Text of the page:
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What researchers found was that at two of the three sites, children receiving ESDM had significantly more language improvement than the children in the community interventions, and there was no significant difference in language gain at the third site between the two modalities. When results from all three sites were pooled, there was a significant advantage for the children in the ESDM group overall.

“Language is the bridge to learning,” Rogers said. “Language is the door that opens up social communication and education and interactions with people in your community. It’s how you share with people. It’s a main vehicle for social interaction once you pass infancy.”

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Autism treatment in the community greatly improved over time

 The study also found that in terms of cognition and social skills, both the ESDM and community treatment groups made significant gains. Fortunately, Rogers said, laws requiring insurance coverage for early autism intervention and new knowledge about effective treatment have greatly improved community options for families seeking help for young children diagnosed with autism.

Rogers said families with a child diagnosed with autism should take some comfort knowing that the early treatments now widely available do make a difference.

“It says the autism scores at the time of diagnosis are just a starting point,” she said. “It says that the developmental paths and learning capacity of young children with autism are more plastic than we knew, and there are many ways to get learning opportunities to them.”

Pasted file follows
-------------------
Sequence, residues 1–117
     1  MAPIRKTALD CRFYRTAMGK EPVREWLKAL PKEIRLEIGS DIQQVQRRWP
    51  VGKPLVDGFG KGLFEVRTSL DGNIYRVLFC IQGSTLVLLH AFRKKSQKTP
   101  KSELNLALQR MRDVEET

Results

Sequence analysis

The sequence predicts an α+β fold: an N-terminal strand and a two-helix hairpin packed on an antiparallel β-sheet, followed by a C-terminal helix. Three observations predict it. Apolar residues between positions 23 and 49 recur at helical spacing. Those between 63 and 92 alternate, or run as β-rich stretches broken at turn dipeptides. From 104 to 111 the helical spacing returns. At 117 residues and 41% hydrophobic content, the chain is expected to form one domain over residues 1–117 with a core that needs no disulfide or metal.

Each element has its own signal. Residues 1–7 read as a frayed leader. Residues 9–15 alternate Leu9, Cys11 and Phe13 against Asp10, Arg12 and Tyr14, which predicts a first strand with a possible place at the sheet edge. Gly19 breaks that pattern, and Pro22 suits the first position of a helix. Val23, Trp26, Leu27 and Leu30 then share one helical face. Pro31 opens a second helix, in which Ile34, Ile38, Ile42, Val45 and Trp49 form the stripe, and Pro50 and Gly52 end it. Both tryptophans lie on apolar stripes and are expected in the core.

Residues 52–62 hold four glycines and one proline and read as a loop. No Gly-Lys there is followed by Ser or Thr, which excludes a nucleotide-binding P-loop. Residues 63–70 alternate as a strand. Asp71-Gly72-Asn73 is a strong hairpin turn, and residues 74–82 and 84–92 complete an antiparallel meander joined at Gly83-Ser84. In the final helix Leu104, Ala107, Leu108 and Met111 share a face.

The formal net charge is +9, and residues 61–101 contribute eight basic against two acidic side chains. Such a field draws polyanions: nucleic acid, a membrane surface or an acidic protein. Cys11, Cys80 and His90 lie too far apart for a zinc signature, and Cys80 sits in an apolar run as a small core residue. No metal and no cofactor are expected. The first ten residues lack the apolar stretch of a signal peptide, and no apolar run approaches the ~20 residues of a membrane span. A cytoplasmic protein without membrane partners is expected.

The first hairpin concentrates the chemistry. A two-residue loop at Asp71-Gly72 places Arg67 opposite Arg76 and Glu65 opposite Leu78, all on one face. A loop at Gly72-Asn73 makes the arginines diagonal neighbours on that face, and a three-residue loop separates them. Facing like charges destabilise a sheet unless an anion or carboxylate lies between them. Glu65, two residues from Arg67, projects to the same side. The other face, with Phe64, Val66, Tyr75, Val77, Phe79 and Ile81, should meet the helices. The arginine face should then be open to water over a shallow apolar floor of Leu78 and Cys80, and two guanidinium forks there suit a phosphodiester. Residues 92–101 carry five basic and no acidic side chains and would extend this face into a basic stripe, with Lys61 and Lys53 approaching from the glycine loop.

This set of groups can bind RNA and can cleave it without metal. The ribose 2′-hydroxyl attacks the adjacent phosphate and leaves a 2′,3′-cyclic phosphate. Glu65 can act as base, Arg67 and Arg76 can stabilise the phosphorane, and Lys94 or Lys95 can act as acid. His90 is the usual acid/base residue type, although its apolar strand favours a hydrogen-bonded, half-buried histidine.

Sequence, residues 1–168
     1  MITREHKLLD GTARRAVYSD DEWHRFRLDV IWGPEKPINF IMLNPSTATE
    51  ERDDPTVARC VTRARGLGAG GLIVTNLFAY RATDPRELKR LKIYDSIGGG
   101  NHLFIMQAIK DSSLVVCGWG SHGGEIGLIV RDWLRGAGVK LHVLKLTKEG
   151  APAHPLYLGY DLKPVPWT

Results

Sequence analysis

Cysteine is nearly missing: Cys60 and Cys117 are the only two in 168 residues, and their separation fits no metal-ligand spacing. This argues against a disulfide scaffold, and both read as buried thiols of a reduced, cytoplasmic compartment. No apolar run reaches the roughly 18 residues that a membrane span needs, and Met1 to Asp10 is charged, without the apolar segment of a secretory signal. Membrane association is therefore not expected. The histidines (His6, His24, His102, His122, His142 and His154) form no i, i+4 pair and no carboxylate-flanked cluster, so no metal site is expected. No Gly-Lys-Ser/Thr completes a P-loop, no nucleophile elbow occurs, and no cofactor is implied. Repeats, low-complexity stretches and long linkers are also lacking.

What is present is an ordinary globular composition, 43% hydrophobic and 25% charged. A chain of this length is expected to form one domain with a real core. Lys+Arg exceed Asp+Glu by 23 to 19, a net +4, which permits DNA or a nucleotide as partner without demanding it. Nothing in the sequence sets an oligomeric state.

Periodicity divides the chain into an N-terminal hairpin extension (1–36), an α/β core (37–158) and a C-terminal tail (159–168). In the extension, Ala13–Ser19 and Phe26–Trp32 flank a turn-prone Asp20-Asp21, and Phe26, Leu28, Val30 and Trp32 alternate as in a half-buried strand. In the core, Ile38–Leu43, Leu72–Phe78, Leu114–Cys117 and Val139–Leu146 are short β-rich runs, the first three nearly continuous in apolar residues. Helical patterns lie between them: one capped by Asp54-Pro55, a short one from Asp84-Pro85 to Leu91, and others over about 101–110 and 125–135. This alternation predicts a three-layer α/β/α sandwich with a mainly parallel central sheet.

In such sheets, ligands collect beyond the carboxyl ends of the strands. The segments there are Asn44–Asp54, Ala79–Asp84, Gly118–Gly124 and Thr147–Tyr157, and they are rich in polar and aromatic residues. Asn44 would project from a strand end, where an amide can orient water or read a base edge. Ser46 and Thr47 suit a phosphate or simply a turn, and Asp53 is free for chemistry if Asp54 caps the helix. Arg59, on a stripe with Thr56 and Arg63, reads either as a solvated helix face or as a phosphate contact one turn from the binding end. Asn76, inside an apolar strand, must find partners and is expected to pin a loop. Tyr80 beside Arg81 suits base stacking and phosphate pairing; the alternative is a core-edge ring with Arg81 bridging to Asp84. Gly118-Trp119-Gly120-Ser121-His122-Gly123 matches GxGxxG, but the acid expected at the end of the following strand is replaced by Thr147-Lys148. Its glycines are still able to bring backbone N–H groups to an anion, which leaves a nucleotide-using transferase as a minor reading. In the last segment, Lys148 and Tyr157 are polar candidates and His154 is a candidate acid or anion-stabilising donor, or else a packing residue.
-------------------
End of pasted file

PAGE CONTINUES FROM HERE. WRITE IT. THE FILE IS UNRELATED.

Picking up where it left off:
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In addition to Rogers, UC Davis authors on the study were Marie Rocha, Laurie Vismara and Meagan Talbott. Other co-authors on the study included: Annette Estes and Jessica Greenson of the University of Washington; Catherine Lord and Jamie Winter of Weill Cornell Medicine, Cornell University; Costanza Colombi of University of Michigan; Geraldine Dawson of Duke University, and Gerhard Hellemann of UCLA.

This study was supported by individual Autism Speaks grants to Annette Estes and to Sally Rogers and by NIMH/NICHD award number R01 081757 as part of the Autism Centers of Excellence (ACE) Treatment Network, clinicaltrials.gov identifier NCT 00698997.

Black Children Tend to be Diagnosed with Autism Later than White Children

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Photo by Zach Vessels
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The rate of diagnosis for autism spectrum disorders (ASD) is the same among all racial groups — one in 110, according to current estimates. However, a study by a Florida State University researcher has found that African-American children tend to be diagnosed later than white children, which results in a longer and more intensive intervention. The reasons for later diagnoses include a lack of access to quality, affordable, culturally competent health care, according to Martell Teasley, an associate professor in Florida State’s College of Social Work who has conducted a comprehensive review of researchliterature on autism and African-American children. In addition, the stigmaattached to mental health conditions within the black community contribute to misdiagnoses of autism, and underuse of available treatment services.

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“There are no subjective criteria for diagnosing autism. Only brain scans can truly provide appropriate diagnoses, because we are dealing with biological and chemical imbalances in the brain,” Teasley said. “Not every child is going to have access to this kind of medical evaluation, particularly those who are indigent and don’t have health care funding.”